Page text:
Ben Lomond House — From plantation to Civil War hospital Special

Posted Nov 13, 2014 by Leigh Goessl
Manassas, Virginia is full of history. The town, located about 25 miles west of Washington, D.C., is probably best known for its role in the American Civil War.
The First Battle of Bull Run (Manassas) took place in July 1861 and the impact on that day was significant since the events on that day made both the Union and Confederate leaders realize this was not to be a quick war. The Second Battle of Bull Run took place just over a year later in August 1862 and was also a severe battle.
Much of this history is pretty well known and documented. In 2013 I wrote the article "Stone House lives to tell the tale of two U.S. Civil War battles" which highlighted a structure that survived both battles. However, there is another structure just a few miles to the south of the Stone House that also played an important role — the Ben Lomond Historic Site.
The house has a long history, dating back to 1830. The land was originally owned by Robert “Councillor” Carter III, a man who inherited extensive land grants throughout Virginia from Robert “King” Carter, a major land baron. He named his plantation "Cancer Plantation" (12 of his 18 properties were named after zodiac signs). After his passing, his land was passed to his heirs. A man by the name of Benjamin Tasker Chinn (a grandson) inherited the Manassas site and two years later had a grand 2-story Federal style house built. Other structures included a dairy, kitchen, smokehouse and slave quarters. In 1838 Chinn married Edmonia Randolph Carter who renamed the plantation "Ben Lomond."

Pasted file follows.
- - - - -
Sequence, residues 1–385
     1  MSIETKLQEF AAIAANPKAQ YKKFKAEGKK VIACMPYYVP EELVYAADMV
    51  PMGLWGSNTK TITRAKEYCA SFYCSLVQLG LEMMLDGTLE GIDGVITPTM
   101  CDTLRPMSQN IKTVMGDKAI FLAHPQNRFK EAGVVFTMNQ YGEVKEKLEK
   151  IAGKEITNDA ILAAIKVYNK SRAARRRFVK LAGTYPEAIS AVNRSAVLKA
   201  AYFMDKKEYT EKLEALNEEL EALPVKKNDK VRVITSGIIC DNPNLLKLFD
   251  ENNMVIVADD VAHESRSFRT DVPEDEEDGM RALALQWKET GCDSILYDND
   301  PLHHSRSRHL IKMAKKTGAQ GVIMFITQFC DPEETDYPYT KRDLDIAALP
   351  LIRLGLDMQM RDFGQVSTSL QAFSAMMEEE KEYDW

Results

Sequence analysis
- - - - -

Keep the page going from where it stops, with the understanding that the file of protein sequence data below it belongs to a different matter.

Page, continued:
In 1851, Chinn moved his family to another home and rented out Ben Lomond. A year later a family named the Pringles would become its tenants. During their time at the home, the family would experience firsthand the horror of war as the Confederate Army took their house and turned it into a hospital. The family was forced to live in one bedroom upstairs during the occupation.
According to Prince William County's website, the house served as a field hospital for more than a month after First Bull Run and then continued to serve as a military hospital for many months to come.
The Confederates evacuated in 1862 and the Federal army took to the house, destroying its furniture and contents. Both armies had left behind graffiti on the walls. The extensive etchings left by soldiers remains on the walls of the main house today. Most is covered up with special paper to protect it, but the museum does keep some examples visible for the public to see. Today's portrayal of the house reflects its Civil War era history and the house is preserved as a hospital.
The original main house, slave quarters, dairy and smoke house still stand today. The kitchen no longer exists.
The tour is an interesting one. I had driven by signs for the house for years, however, never took the road down to actually see the site or take a tour. My visit was about two weeks ago and I was sorry I'd waited. If you are visiting the Manassas National Battlefield, I recommend it. The Ben Lomond Historic Site is open seasonally, but you can also call and make an appointment to visit at 703-367-7872. It is located at 10321 Sudley Manor Dr. Manassas, VA 20109.